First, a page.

OU Panhellenic Sorority RecruitmentSooner Parents
By Melissa McMahon and Teresa Johnston
As we move toward the holidays, we are excited about the thought of time spent with family during our breaks from work and school. As you read the following story written by one of our own KSU employees and Parent and Family Programs advocate, think about the conversations you may want to have with your student during this special time at home.
My son was “that” guy in high school. He was good looking, a star football player, a championship wrestler and popular. He was accepted to his father’s alma matter in Oklahoma upon graduation. He had flown home from college unexpectedly to attend the funeral of a friend of his. His friend at the age of 27 had died from a drug overdose. Twenty-four hours after the funeral, my son was found unconscious in his friend's basement, still in the suit and tie that he wore to the funeral the day before.
It was in the ER when they finally let me see him. He was so pale and his lips and fingers had a bluish tint. He had tubes everywhere, breathing tubes, IVs…. I didn’t know where to touch him so I cupped his head in my hands and smoothed his hair away from his face. He felt so cold and clammy…his short dirty blond hair was soft and damp.
He was transferred to the ICU. We were told to call our family because we would need the support, and because we should ”prepare” ourselves. The doctors did not know how long he was without an adequate supply of oxygen to his brain. On the fifth day in the ICU he woke up. He wiggled his toes. He knew his name.
Physically recovering from the overdose was the easy part. The process of being a recovering addict is ongoing. He spent 60 days in a recovery program. It was recommended that he continue his recovery in a long-term care facility. My son was adamant that no way in hell was he going to a long-term care program. I had to trust the process and the team of therapists and addiction counselors that were helping him. I had to give one of many ultimatums to my son. Accept your treatment plan or you are on your own…no home, no car, no money.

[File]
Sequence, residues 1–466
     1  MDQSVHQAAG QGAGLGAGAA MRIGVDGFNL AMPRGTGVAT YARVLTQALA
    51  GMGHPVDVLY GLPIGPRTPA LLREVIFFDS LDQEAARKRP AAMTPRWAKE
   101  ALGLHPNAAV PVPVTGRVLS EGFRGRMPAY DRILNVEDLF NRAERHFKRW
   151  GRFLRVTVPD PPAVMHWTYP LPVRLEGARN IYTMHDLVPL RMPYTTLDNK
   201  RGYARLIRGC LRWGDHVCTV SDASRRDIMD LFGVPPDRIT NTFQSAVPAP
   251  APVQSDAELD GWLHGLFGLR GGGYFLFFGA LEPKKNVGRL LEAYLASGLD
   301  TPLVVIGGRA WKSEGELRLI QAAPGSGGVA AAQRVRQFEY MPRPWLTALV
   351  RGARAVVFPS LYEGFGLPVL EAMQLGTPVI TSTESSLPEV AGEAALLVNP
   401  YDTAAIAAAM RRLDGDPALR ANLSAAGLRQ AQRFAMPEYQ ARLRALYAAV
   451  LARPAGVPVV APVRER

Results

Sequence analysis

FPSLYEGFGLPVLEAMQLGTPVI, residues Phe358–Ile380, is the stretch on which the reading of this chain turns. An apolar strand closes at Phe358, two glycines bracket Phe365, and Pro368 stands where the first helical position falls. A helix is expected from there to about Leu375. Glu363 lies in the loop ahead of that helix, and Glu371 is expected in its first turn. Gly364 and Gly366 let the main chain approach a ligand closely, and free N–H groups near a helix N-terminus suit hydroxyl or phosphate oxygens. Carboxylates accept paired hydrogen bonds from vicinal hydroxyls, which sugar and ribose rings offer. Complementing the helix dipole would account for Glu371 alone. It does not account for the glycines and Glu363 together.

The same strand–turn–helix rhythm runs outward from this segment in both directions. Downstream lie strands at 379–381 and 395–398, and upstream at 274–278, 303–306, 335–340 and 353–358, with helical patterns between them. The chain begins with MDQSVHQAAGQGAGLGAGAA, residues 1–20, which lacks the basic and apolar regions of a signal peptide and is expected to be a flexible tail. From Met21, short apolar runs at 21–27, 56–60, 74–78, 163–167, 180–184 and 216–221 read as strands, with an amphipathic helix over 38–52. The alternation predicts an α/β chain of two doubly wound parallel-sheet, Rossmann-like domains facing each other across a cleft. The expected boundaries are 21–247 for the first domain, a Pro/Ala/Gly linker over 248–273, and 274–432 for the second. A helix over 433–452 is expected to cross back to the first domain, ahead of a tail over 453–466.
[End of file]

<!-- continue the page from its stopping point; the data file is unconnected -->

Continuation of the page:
He chose to go a long-term treatment program on the Georgia Coast for six months and ended up staying a year and a half. The last six months of the program he was a “house leader” who provided leadership and support for the new arrivals. He attests that his recovery and his success is due to this support system, his AA family and his faith. He started classes this fall.
I’m not gonna lie, it is a challenge to stay out of my son’s recovery. I can be consumed with worrying about him missing his AA meetings, or if he is skipping classes or if he is using again. When I start thinking more about his recovery than my own recovery, I know that I need to reach out to my support system. They help me stay in the present, remind me to take care of myself and they remind me to let God take care of the rest…including my son.
Words like alcohol, drugs, addiction, substance misuse, alcoholism, eating disorders and recovery conjure many different kinds of feelings.
It is often during the college years that alcohol, drugs and unhealthy behaviors begin to occupy a larger part of student lives — socially, and experientially. It is also often the time when those in recovery from addiction weigh the risk of coming to college, a place that can be a hostile environment to recovery.
The Center for Young Adult Addiction and Recovery is here to help KSU students, faculty, parents and the community at large gain a better understanding of alcohol and other drugs, addiction and recovery at this critical juncture. Our comprehensive approach has proven very effective in helping students and the community.
Here are some things that can be considered “signals.” If any of these behaviors apply to your student, they might want to look more carefully at their substance use or make an appointment to talk with us.
For more questions and answers find us at:
KSU | Center for Young Adult Addiction and Recovery — FAQs